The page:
Keep your will safe. That seems like good advice, but how on earth can you keep a will safe when we are surrounded by bad things.
After a quick review of common fears, I will share the one place people fail to think about.
Seriously, what are you afraid of? Flood? Fire? Going to the Emergency Room?
Here are a few common suggestions on where people like to keep their wills:
- Safe deposit box,
- With an attorney,
- At home, or
- Recorded with the County.
Keeping your Will Safe from Fire
Being afraid of fire is natural, just not very likely. Obviously, having your house burn down and having your estate plan destroyed is horrible. On the other hand, you will likely live to tell about it.
In the year 2013, Minnesota saw 26 fatalities due to fire. Even though I am familiar with a specific person perishing in a house fire, 26 people out of 5 million Minnesotans is a low risk (.0000052 %).
Will Safe inside a Safe Deposit Box
I agree, a safe deposit box can be a low-cost location for an estate plan. The problem I run into with safe deposit boxes includes:
- Nobody knew a box exists,
- Forgotten locations,
- Keys are lost,
- Family members are not added to the list of patrons who are granted access.
In my experience, one stroke or car accident can make the Bermuda Triangle look more accessible than a safe deposit box.
Is your Will Safe with an Attorney?
No, do not keep your will with your lawyer. This has nothing to do with trust. Your lawyer’s office is susceptible to fire too. And, your attorney might die before you.
Even though I trust myself more than any other person walking the planet, keeping a will safe with an attorney is an outdated practice.
Keeping your Will with the County
If you are unfamiliar with your County’s property department, you can visit them at for a few dollars, record a will.
A long time ago, this was a great idea because our life expectancy was short and people didn’t entertain implementing a revocable trust. Now, this old way of doing things seems ridiculous.
First, I dislike the idea of exposing my will to the general public. Second, I want the option of looking at my will from time to time so I know whether I need to make updates. Third, I want my loved ones to have access to my important papers without involving the government.
Is my Will Safe at Home?
This is going to blow your mind, but I think a thief is more likely to steal money and electronics versus my will. Even if somebody stole my will, I can make a new one.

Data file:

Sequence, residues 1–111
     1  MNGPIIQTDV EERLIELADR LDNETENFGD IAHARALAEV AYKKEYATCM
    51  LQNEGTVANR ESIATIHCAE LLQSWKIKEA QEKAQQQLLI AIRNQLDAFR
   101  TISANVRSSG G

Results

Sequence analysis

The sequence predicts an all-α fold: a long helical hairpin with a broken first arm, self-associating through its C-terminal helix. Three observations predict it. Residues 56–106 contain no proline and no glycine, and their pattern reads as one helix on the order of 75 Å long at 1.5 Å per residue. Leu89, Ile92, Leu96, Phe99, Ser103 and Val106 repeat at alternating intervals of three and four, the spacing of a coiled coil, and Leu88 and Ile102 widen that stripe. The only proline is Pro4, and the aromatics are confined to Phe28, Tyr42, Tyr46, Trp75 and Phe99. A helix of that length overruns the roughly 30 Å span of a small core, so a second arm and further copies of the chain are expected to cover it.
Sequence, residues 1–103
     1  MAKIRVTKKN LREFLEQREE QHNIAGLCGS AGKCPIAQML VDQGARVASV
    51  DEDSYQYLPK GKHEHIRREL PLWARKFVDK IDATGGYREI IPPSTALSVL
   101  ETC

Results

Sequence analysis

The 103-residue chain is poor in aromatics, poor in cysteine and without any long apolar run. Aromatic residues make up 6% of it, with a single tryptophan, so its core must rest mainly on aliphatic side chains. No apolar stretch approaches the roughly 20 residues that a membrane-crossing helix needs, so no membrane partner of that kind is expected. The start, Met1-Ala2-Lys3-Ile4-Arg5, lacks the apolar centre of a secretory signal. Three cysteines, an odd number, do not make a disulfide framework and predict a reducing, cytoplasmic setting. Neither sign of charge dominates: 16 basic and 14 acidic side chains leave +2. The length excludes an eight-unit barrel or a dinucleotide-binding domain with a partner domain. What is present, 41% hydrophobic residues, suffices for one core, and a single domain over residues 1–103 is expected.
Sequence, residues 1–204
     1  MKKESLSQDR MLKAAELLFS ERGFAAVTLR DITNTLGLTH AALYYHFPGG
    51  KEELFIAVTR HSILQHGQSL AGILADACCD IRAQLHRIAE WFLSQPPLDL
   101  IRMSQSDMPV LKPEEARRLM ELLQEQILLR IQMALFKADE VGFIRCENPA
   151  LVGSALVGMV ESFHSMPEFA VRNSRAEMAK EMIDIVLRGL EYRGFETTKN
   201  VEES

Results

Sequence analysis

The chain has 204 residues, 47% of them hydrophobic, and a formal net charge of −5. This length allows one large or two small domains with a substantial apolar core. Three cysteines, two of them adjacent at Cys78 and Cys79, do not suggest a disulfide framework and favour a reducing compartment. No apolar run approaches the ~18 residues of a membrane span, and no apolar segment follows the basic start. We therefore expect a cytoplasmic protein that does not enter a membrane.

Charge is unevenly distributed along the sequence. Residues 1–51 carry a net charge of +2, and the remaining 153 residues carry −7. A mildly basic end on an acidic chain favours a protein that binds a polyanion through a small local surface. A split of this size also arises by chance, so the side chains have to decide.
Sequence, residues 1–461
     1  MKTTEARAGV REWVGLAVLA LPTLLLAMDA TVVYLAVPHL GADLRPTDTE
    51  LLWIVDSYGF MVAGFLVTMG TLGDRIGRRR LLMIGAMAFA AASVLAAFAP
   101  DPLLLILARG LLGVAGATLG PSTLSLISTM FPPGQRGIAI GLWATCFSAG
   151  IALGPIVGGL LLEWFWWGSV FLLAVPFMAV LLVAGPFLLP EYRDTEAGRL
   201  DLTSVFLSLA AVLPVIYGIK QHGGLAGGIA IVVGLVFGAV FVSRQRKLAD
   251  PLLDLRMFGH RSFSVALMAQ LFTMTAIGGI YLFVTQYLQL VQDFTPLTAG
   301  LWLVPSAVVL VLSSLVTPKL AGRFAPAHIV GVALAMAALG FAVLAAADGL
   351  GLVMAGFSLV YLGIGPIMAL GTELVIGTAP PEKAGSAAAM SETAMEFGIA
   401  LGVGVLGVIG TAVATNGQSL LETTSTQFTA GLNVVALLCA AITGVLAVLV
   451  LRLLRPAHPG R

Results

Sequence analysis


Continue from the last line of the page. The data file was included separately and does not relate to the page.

Also, don’t hide your will so nobody can find it. Instead, pick a spot that is sure to get noticed like your drawer or book shelf.
As of today, I encourage most of my Clients to keep their important estate planning documents in two spots:
- Inside an unlocked fire proof box, and
- The one place described below.
** TIP: You can put other important papers inside your fire-proof box, like insurance policies, birth certificates, passports, marriage licenses and your DD 214 ***
Is my Will Safe: One Place People Fail to Think About
The one place people fail to think about is actually two of three places:
Older generations are deathly afraid of storing their estate plan in the Cloud. I will let you do your own research, but the MyCloud product is not stored in the Cloud and generally accessible anywhere you go and shareable with your loved ones.
Whether you like Apple products or not, our own FBI spent $1.3 million dollars to break into one iPhone. As of today, I really like Apple’s policies specific to iCloud storage and think this is a credible response to the fears identified above.
Google Drive also appears to be a strong method for keeping a will safe. Here is why: a person can set up their Google Drive to contact specific people if their account is not used for xyz days. In other words, if I had a Google Drive and I didn’t access it for 120 days, I can set up a process to give my loved ones access to my Google Drive account. On the other hand, I think Google’s policy on document access could be must stronger.
Personally, I think using MyCloud along with a secondary online source is a strong response to the issues described above.
Keeping my Will Safe is a Full-Time Job
Certainly, our lives are always evolving and nobody can predict the future. My usual response is keeping hard copies in a fire proof box and an electronic version within a secure network.
One thing remains a constant: only you can assess which methods are best for you and your family.